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Super Bowl 2014 Ads: Lessons Smaller Brands Can Learn From the Big Spenders

February 05, 2014

In addition to 60-plus minutes of large men running around in shiny spandex, the Super Bowl also hosts the biggest spending in modern advertising. This year, digital trends moved from the small screen to the smallest screens, with multiple attempts at social, mobile and viral marketing. Some of these meta-marketing attempts were successful; others were… not so much.

We’ll dive into the lessons that brands without Super Bowl-size budgets can learn from this year’s crop of ads. But first, some “super” stats.

You may already be familiar with these numbers, but that doesn’t make them any less impressive (or outrageous?):

  • Super Bowl 2014 ads cost, on average, $4 million for every 30 seconds of air time
  • With 50 minutes of ads, Super Bowl ad spend is larger than the GDP of some small nations
  • Nielsen estimates 181 million Americans watched the game this year
  • The average audience for last year’s Super Bowl commercials was actually 1.6% bigger than the average audience for the game!

Now, here’s what we can learn from the brands that shelled out the big bucks, other than the fact that airtime is ridiculously expensive, Peyton Manning can look ridiculously sad, and hey Seattle, one ring isn’t five and we’ll get you next year. #Niners

Play QB: Include a Call to Action

While many of last year’s ads failed to promote any reaction other than hitting the “Mute” button, 2014’s offerings wisely included calls to action. Tons of ads featured URLS as well as prompts to visit a website, download an app or send a tweet. Check out this one for the upcoming movie Noah:

Super Bowl calls to action are like digital versions of phoning in to a radio contest – there’s really not much to lose. Although, to Noah’s producers – do we really need to be tweeting #thefloodiscoming during the big game? Sheesh. Way to be a “down”-er.

Stay Mobile: Remember Smartphone Users

Most, if not all, Super Bowl 2014 ads’ CTAs could be carried out from a smartphone. Smooth move, given that an estimated 91% of viewers use their smartphones during commercial breaks. Mobile networks actually have to amp up their bandwidth to make sure everyone gets to text, tweet and talk smack during the game.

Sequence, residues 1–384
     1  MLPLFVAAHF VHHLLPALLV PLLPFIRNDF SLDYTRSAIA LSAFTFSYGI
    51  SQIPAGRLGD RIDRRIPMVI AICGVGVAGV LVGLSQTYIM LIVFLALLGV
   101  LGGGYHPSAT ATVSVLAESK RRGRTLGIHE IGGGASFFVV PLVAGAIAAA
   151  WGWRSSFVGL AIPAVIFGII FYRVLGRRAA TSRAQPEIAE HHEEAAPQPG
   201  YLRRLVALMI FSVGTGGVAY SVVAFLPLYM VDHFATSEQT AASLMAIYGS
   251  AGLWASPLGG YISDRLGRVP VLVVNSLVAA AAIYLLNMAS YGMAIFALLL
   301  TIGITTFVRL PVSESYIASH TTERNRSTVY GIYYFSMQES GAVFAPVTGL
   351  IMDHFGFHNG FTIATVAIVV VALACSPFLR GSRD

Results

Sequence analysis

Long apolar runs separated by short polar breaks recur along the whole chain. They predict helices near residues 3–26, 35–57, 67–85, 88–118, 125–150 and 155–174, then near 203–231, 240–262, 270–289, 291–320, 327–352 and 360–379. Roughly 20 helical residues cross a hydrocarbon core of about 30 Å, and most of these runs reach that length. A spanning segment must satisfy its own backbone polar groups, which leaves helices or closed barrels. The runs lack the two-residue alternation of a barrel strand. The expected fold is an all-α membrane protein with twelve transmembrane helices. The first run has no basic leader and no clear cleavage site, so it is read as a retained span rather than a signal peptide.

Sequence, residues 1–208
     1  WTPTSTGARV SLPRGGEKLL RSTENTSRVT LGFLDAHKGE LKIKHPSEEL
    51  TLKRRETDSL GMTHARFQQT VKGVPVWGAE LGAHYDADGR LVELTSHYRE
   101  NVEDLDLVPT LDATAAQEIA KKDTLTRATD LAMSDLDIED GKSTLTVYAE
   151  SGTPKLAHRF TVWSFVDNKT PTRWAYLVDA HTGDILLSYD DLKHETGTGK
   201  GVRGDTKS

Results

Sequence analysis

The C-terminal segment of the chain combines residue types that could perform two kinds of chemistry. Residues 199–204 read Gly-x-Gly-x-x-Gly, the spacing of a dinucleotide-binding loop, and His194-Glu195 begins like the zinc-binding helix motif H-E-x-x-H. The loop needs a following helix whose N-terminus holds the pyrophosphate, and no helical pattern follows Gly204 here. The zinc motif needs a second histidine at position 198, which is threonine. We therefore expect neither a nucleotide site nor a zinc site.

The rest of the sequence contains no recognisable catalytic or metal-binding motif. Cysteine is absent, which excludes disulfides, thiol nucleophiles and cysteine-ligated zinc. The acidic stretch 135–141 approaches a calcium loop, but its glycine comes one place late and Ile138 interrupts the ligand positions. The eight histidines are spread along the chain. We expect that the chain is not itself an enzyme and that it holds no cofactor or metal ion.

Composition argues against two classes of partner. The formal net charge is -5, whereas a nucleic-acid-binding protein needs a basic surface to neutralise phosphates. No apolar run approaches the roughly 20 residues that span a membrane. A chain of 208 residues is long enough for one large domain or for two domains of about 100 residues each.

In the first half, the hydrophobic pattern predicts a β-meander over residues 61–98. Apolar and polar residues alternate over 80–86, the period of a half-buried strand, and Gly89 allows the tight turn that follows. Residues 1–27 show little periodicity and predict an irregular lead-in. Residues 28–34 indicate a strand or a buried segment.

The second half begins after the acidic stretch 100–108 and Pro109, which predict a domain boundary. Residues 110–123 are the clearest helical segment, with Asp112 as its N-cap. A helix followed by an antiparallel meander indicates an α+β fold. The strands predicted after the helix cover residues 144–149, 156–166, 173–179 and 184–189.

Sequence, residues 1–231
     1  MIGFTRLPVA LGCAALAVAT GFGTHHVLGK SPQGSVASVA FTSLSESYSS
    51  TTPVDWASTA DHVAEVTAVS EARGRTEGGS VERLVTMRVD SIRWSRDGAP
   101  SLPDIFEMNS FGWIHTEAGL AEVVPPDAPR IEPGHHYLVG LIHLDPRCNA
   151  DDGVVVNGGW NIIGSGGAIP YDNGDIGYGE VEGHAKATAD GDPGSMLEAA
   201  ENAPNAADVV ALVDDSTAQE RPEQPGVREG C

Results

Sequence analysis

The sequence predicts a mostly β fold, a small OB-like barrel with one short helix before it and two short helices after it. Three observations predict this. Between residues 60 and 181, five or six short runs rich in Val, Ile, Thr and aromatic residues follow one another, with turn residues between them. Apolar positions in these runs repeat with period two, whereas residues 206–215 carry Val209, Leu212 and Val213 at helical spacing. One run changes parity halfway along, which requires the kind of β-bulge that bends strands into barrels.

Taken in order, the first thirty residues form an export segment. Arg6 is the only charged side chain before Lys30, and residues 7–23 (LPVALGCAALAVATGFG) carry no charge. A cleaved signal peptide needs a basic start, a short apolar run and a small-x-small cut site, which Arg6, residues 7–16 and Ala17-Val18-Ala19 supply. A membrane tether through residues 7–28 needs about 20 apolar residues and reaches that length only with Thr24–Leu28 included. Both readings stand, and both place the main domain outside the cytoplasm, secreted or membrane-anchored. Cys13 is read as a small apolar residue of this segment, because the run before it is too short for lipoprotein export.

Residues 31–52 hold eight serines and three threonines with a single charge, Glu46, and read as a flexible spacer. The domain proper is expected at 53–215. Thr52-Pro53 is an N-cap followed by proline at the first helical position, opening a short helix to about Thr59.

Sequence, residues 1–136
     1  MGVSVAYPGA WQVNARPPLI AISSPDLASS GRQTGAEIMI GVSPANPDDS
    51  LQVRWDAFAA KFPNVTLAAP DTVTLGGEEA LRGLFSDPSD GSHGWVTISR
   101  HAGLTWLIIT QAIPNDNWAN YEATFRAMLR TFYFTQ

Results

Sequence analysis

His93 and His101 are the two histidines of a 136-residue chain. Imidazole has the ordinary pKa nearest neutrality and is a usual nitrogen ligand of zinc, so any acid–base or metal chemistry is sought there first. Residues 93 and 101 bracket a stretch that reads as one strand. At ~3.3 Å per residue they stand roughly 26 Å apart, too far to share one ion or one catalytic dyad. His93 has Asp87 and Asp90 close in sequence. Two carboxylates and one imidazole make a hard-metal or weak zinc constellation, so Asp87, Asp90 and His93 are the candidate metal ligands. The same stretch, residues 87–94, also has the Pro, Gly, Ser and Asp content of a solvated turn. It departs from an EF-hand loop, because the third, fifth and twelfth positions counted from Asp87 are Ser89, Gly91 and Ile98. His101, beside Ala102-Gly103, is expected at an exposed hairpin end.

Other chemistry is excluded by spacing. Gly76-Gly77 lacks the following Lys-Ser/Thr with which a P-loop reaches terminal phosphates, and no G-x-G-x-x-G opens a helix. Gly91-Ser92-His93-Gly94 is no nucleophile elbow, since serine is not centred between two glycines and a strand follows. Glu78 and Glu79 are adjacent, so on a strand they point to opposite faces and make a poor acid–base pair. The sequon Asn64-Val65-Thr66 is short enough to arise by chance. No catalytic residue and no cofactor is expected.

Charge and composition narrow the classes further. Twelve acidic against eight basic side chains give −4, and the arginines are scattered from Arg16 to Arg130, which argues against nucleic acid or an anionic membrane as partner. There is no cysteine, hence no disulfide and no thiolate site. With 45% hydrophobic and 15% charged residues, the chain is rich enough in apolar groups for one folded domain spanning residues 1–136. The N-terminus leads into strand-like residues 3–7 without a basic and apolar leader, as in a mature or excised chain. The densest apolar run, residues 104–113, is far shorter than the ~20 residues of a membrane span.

Double Coverage: Include a Hashtag

Given the hashtag’s spread from Twitter to Facebook, Pinterest and other social networks (and television networks too), we weren’t surprised to see many businesses embedding hashtags in their commercials.

While none rivaled the success of Oreo’s 2013 #cookiethis and #creamthat campaign, Honda’s Bruce Willis-fueled #hugfest, the adorable #bestbuds of “Puppy Love,” and Tim Tebow’s #nocontract antics paired memorable ads with clever tags.

Notable Interceptions: Try to Go Viral

From Scarlett Johansson’s “banned” Super Bowl soda commercial to the freaky, demonic infant promoting the Devil’s Due movie, advertisers are really starting to figure out how to get users to share their branded content – for no charge.

It takes a lot to get people to pass along what’s basically a glorified commercial, but in many of the ads, the content was just too interesting to keep to ourselves.

Home-Field Advantage: Know Your Audience

Super Bowl ads often function as a barometer of the country’s social and financial climate. Back in 2004, the ads were heavy on “Dot Com” references and companies. A few years later, saving money and enjoying cheaper comforts were the name of the game.

Super Bowl 2014 ads included movie promos, car commercials and campaigns that appealed to the country’s cautiously optimistic mood. They’re sweet rather than sleazy, as in the case of this Go Daddy spot featuring a real-life, female entrepreneur – fully clad, no less. Coke’s America the Beautifulcelebrated multi-cultural modern living without getting overly schmaltzy.

Almost every ad kept it positive this year and that felt right. Accurately targeting consumer culture = big brand win.

Be Your Own Twelfth Man: Use What You’ve Got To Talk Up Your Brand

Last year, Papa John’s used the coin toss to optimize their marketing budget – pretty genius move. They got Super Bowl exposure without the Super Bowl price tag.

The contest required both pre- and post-game engagement, as well as a huge boost to Papa John’s email lists via the registration required to collect the free pizza. Check out the details of this low-budget, high-impact campaign.

Smaller businesses can also optimize local connections with integrated game day marketing that doesn’t cost millions. Whether your hometown team is playing or your city is playing host, Super Bowl-themed offers generate sales and hype on every level.

Make Your Product Your Center: Brand Yourself Immediately and Often

This sweet ad reintroduces Cheerios’ interracial family, and does a commendable job of making the product the focal point of the story – without boring the pants off of us. Brand retention during Super Bowl spots is often iffy. Cheerios solves this potential problem by putting both box and cereal front and center, and telling a touching, relatable story in the process. That’s no small accomplishment.